By Sharon Gold
On Thursday, March 7, 2019, the Department of Labor (“DOL”) released the much anticipated Notice of Proposed Rulemaking (“NPRM”) that significantly raises the minimum salary for exempt workers from $23,660 to $35,308. It is estimated that if this rule is finalized, more than a million workers will either become eligible for overtime pay or have their salaries raised to meet the minimum.
Employers will recall that in late 2016, a mere few days before the salary minimum was supposed to be raised to $47,476, a federal judge in Texas blocked the rule. Since that time, the DOL issued a Request for Information about the salary rule in 2017. More than 200,000 employers and individuals commented. In addition, the DOL had six in-person listening sessions in connection with the Request for Information. The DOL indicated it would release another proposed rule raising the salary in March of 2019.
One significant change from the prior attempt, other than a less drastic increase to the salary minimum, is the lack of an automatic periodic update to the salary. The prior rule that was struck down by a federal judge included automatic increases to the salary minimums, whereas the proposed rule only has a “commitment” to periodically review the threshold. In the current rule, any updates would still require additional notice and comment periods.
The current proposed rule intends to make the following changes:
- Raises the salary minimum for exempt workers from $23,660 to $35,308 yearly (or from $455 to $679 weekly)
- Raises the minimum for highly compensated individuals from $100,000 to $147,414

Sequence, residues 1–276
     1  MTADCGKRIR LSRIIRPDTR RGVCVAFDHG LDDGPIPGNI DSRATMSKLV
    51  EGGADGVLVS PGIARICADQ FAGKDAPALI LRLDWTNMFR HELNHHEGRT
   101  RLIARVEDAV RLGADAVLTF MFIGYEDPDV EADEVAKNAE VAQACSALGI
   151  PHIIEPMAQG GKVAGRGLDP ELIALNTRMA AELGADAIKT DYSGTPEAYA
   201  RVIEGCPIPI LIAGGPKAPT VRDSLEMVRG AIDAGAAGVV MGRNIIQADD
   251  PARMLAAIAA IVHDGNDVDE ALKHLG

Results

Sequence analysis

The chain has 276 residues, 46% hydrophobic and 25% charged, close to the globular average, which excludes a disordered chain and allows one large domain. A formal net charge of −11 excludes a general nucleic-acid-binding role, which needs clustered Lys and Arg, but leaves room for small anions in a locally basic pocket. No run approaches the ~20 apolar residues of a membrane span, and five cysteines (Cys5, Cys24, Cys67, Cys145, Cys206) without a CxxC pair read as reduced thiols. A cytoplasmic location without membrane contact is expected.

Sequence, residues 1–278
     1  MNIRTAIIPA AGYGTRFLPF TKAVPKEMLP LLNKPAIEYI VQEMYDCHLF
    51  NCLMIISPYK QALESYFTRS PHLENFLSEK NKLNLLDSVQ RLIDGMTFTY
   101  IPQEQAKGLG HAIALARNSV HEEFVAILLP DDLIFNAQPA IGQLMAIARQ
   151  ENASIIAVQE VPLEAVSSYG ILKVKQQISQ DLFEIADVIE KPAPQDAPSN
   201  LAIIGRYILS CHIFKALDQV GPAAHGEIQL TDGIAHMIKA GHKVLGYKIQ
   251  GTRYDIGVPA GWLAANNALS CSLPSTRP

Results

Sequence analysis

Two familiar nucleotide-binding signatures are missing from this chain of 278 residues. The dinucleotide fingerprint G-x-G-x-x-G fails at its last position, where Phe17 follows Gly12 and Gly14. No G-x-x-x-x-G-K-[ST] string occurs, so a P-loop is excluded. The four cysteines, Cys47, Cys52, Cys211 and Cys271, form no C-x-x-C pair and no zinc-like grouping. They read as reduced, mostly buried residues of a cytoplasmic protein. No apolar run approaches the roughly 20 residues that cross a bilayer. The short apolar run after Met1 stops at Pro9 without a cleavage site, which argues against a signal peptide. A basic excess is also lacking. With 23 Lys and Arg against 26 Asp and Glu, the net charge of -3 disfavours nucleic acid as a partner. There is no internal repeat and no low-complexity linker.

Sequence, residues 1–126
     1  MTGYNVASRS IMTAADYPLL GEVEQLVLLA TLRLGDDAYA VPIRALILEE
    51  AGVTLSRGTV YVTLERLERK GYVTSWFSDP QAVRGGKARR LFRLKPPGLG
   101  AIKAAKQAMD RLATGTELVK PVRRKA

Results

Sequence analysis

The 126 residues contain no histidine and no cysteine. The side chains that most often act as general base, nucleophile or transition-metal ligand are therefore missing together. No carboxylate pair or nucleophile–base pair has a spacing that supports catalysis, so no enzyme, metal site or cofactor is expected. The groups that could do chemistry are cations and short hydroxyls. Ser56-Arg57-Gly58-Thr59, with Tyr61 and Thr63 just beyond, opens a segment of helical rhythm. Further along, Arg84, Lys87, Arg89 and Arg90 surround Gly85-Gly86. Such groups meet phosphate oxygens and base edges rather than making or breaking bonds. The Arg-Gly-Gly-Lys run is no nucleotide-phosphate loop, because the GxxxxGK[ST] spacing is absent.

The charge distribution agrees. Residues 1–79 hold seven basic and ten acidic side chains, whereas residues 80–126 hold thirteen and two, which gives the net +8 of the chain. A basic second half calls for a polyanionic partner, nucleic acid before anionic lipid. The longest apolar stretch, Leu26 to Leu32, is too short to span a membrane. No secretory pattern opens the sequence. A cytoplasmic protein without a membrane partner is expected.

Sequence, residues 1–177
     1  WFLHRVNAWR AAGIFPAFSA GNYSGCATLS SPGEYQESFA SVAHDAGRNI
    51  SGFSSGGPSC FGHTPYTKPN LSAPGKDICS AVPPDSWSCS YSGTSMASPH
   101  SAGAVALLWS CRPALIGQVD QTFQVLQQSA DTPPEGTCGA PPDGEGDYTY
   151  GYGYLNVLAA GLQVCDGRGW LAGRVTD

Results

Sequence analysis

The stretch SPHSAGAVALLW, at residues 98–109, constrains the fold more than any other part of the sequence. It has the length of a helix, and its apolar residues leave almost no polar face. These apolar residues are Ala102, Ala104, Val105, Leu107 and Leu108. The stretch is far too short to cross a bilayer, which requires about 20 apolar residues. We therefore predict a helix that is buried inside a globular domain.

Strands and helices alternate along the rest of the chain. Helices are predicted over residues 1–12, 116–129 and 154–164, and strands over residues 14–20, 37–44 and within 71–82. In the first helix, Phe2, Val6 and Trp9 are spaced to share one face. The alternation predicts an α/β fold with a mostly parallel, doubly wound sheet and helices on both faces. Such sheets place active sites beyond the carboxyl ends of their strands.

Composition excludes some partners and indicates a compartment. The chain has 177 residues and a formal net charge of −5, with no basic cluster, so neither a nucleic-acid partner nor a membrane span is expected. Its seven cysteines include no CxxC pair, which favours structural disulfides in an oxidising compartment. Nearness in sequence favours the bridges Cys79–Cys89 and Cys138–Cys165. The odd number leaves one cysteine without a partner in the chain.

- Allows employers to use nondiscretionary bonuses and incentive payments (including commissions) paid annually or more frequently to satisfy up to 10 percent of the standard salary level
The proposed rule does not make any changes to the job duties tests. In addition, there are no changes in overtime protections for police officers, fire fighters, paramedics, nurses, laborers, including non-management production line employees, and non-management employees in maintenance, construction and similar occupations such as carpenters, electricians, mechanics, plumbers, iron workers, craftsmen, operating engineers, longshoremen, and construction workers.
Employers and individuals have 60 days to comment from the date of publication in the Federal Register.
If the proposed increase is finalized after the comment period and a Final Rule is published, employers will have to raise the minimum salary for exempt workers to $35,308 or convert those workers to overtime eligible. More information is available at https://www.dol.gov/whd/overtime/FAQ2019.htm